The opinion of the court was delivered by: BECHTLE
Presently before the court are the parties' cross-motions for summary judgment. Briefly stated, plaintiff argues that the termination of his Supplemental Security Income benefits ("SSI") for non-medical reasons prior to a hearing before an Administrative Law Judge ("ALJ") violates his Fifth Amendment right of due process. Taking a position contrary to that of plaintiff, the Secretary of Health and Human Services ("Secretary") contends that the pretermination process afforded plaintiff is sufficient. For the reasons stated below, plaintiff's motion for summary judgment will be denied and the Secretary's motion will be granted.
The parties have stipulated to the facts in this case, and the court recited those facts in its Opinion of February 28, 1985 603 F. Supp. 1008. The court adopts that recitation of facts to the extent that those facts are relevant here.
By way of background, in order to reach plaintiff's principal challenge, the court has disposed of numerous preliminary issues in its prior rulings on the parties' other motions. Relevant to this decision are the following two holdings: (1) this court has subject matter jurisdiction over plaintiff's challenge under 42 U.S.C. § 405(g), Taddonio v. Heckler, 607 F. Supp. 620 (E.D. Pa. 1985); Taddonio v. Heckler, No. 83-5600 (E.D. Pa. April 9, 1984); and (2) plaintiff's motion to certify a class consisting of
the SSI beneficiaries whose benefits have been reduced or terminated based on non-medical eligibility factors and who, within 10 days of the reconsideration decision requested a hearing before an Administrative Law Judge
was denied. The court found that plaintiff's proffered common issue of law was not common to all members of the proposed class and that plaintiff's claims differed from those of other class members. Taddonio v. Heckler, 607 F. Supp. 620 (E.D. Pa. 1985).
Turning now to the merits in the present case, the court adopts and applies, as it must, the well known standard of summary judgment under Fed.R.Civ.P. 56.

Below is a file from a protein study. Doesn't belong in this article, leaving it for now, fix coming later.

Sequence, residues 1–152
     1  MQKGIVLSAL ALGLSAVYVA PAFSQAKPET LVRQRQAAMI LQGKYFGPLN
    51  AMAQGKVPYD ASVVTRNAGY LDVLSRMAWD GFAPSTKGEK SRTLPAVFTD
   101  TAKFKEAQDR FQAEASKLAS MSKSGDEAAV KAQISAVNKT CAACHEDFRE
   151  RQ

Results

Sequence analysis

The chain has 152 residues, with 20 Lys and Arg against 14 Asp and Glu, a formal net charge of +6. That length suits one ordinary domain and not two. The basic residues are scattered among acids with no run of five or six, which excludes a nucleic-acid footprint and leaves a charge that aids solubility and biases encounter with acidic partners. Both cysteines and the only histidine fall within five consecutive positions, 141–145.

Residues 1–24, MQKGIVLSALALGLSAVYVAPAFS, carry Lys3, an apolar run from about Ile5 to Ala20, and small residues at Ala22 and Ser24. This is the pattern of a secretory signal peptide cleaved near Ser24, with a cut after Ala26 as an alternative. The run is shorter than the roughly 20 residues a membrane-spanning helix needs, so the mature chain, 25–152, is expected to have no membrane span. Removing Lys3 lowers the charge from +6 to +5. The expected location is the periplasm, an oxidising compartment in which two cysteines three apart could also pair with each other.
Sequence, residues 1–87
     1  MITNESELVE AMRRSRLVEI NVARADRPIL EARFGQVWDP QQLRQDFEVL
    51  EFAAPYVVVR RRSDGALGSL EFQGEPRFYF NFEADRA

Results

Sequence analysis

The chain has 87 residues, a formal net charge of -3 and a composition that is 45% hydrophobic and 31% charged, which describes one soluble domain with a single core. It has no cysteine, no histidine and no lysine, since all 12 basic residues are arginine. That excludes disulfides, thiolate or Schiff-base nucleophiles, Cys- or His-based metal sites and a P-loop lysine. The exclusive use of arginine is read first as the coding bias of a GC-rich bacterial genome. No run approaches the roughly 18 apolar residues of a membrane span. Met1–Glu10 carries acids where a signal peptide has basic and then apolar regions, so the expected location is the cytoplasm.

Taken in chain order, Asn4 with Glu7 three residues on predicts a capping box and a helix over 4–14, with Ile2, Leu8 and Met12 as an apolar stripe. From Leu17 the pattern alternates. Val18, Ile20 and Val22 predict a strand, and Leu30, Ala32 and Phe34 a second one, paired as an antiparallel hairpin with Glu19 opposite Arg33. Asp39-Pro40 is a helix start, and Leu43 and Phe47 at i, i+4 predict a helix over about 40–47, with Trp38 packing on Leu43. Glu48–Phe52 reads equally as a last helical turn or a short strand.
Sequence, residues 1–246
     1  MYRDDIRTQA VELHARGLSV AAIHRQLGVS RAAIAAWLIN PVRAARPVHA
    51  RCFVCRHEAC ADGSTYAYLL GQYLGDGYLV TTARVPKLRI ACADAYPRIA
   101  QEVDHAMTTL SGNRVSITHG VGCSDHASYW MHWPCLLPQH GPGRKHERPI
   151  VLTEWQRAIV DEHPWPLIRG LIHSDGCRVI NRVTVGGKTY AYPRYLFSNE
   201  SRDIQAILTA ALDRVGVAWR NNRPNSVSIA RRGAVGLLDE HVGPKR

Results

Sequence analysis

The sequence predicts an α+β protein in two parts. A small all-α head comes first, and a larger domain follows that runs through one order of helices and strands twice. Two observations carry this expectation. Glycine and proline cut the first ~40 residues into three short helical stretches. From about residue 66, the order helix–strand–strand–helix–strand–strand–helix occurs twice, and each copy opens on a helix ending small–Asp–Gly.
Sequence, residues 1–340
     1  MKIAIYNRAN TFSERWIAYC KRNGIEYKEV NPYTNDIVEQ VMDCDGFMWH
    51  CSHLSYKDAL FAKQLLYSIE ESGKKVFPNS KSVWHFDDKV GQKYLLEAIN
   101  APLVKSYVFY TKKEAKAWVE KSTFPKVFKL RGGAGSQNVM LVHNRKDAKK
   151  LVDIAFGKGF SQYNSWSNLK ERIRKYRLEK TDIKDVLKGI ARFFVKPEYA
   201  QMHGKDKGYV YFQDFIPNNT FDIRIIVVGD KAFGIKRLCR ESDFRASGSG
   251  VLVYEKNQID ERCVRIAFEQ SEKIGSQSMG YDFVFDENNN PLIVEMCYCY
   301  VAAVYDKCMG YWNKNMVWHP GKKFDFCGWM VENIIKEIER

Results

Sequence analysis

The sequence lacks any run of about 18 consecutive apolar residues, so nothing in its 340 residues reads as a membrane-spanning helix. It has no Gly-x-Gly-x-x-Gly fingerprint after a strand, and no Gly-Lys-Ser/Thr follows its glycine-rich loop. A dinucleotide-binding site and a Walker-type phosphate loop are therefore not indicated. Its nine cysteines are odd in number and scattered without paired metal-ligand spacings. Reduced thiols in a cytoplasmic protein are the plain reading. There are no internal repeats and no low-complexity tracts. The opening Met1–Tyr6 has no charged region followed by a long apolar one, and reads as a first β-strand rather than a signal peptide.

The parties do not contest that plaintiff has a Fifth Amendment due process "property" interest in the continued receipt of SSI. That plaintiff has such an interest is well established. See Mathews v. Eldridge, 424 U.S. 319, 322, 47 L. Ed. 2d 18, 96 S. Ct. 893 (1976); Goldberg v. Kelly, 397 U.S. 254, 25 L. Ed. 2d 287, 90 S. Ct. 1011 (1970). Whether the process afforded plaintiff by the statute and regulations is all that is due is contested. Thus, at the heart of this case, like other Social Security Act due process cases, is not the issue of whether process is due, but, whether the process afforded plaintiff is constitutionally adequate. Here, as in other due process cases, the due process standard is flexible and depends upon the surrounding circumstances and existing procedural protections. In particular, the appropriate due process analysis focuses on the balancing of three factors. This test was set forth in Mathews v. Eldridge, supra, as follows:
First, the private interest that will be affected by the official action; second, the risk of an erroneous deprivation of such interest through the procedures used, and the probable value, if any, of additional or substitute procedural safeguards; and finally, the Government's interest, including the function involved and the fiscal and administrative burdens that the additional or substitute procedural requirement would entail.
Mathews v. Eldridge, 424 U.S. 319, 335, 47 L. Ed. 2d 18, 96 S. Ct. 893 (1976).
Before this test is addressed, a brief description of the procedure afforded ...